Rollover vs Conventional Box Scraper?: Tractor Implements  -- Tractor Attachments Implements 3ph Discussion Forum and Review Rollover vs Conventional Box Scraper?: Tractor Implements -- Tractor Attachments Implements 3ph Discussion Forum

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 02-16-2001, 14:01 Post: 24282
JeffM



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 Rollover vs Conventional Box Scraper?

I plan to buy a box scraper this spring and trying to decide if I want to get a rollover box scraper or a conventional one. I'd appreciate any and all opinions on the merits of both types, especially from folks who have used them both. My tractor is a 35 hp JD4400 with turfs and a loader. My soil is well-drained, but has a significant clay base and is embedded with glacial till, that is, rocks varying from pea gravel to boulders the size of major appliances. Over time I want to grade and landscape about 4 acres of the old fields/pastures around the house we recently built for a "lawn" and open meadow. I also want to excavate for and finish grade a crushed-stone driveway and parking area. My plan is to get a fairly heavy-duty unit just wider than my tractor tires (65 or 66"Wink yeah right. I expect that I would make use of the scarifiers quite a bit, especially with the rocky soil. Should I get a wider box like 72"? How big and heavy a box can my tractor handle? There are some box blades with hydraulic scarifier retraction, but they are ~1000 lbs and are indicated for 40-65 hp tractors. The rollover boxes look interesting to me, but I don't even know how expensive they are yet. Lend me your thoughts and opinions please.






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 02-17-2001, 06:14 Post: 24301
TomG

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 Rollover vs Conventional Box Scraper?

I use a 6' plain old box on a 24-hp tractor with turf tires. The soil is very sandy. The combination does give me traction, rather than power, problems when ripping sod or dragging a full box on loose gravel. The traction problems are manageable by taking smaller bites. A 5' box would be the conventional choice for my tractor, but the extra length is useful when cutting side-grades. A 6' box should be fine for your tractor. With clay soil, I'd get as heavy a box as possible. Roll-over and hydraulic scarifier features add a lot the price of a box. I think of these features mostly as time savers. They may be desirable on a box in commercial use, but for a homeowner, the landscaping eventually is done. A full-featured box can become an expensive implement that mostly sits around and is used to maintain a few drives a year. Fancy box features take a rear hydraulic outlet(s). I try to save my hydraulics for uses where I need to make small adjustments frequently, and especially adjustments on the fly. For homeowner use, I think hydraulic top and side-links (especially top-link) are a much better use of rear hydraulics than scarifiers and roll-overs. Another choice that could be made is between fixed and hinged rear cutter type boxes. I've only used a fixed rear cutter type, and that's what I'm happy with, but I understand that a hinged type has some advantages. I believe that a fixed rear cutter can sometimes interfere with the front cutter's action. A hinged cutter also is supposed to spread material in the box better than a fixed type. However, I use my box for compacting gravel by tilting it down so it rides on the back of the rear cutter. I don't think I could do that with a hinged cutter. A final choice might be between a fancy box, or a plain box plus a landscape rake. A landscape rake will do a much better job preparing land for planting lawn than any box.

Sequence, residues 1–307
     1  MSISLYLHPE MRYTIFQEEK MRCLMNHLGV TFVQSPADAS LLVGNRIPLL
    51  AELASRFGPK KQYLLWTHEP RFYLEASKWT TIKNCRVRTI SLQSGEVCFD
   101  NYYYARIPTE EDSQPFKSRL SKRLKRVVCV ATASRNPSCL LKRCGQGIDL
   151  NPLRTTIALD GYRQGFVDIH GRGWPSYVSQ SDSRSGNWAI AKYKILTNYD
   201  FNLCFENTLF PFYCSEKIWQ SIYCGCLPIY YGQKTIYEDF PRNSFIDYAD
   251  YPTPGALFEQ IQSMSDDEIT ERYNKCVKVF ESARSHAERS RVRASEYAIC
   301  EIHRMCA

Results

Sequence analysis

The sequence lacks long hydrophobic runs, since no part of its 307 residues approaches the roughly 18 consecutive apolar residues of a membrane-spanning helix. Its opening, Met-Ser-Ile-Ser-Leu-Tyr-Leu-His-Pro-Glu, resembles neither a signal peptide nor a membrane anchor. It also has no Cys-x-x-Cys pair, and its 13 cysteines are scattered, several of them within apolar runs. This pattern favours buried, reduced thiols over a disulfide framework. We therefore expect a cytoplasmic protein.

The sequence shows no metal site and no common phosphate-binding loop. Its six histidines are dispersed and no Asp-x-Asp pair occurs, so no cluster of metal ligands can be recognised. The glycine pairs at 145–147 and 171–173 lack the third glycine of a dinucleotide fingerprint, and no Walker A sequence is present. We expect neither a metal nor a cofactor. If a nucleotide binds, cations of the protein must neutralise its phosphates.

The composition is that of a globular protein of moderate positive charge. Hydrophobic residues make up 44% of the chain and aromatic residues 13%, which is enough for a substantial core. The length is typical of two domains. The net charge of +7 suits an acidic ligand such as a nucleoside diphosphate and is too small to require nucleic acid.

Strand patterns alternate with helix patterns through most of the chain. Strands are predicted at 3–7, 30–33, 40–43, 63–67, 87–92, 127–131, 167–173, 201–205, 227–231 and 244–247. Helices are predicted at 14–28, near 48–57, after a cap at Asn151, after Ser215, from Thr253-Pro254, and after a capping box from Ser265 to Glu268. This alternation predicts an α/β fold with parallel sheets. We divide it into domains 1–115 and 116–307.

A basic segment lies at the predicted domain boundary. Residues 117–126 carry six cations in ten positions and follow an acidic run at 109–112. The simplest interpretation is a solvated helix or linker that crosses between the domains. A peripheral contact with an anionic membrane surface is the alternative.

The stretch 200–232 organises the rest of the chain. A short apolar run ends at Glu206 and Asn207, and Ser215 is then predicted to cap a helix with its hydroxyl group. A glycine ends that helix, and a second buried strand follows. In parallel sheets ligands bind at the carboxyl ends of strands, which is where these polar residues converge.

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 02-17-2001, 10:26 Post: 24307
Roger L.



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 Rollover vs Conventional Box Scraper?

I've never used the rollovers, but even so I'm going to go out on a limb and say that Tom has it right: A hydraulic top and side link (particularly top)would be more useful. In fact, they would are useful for a variety of tools. If you ever have to turn around in tight quarters on sloping ground you will appreciate the hydraulic top link.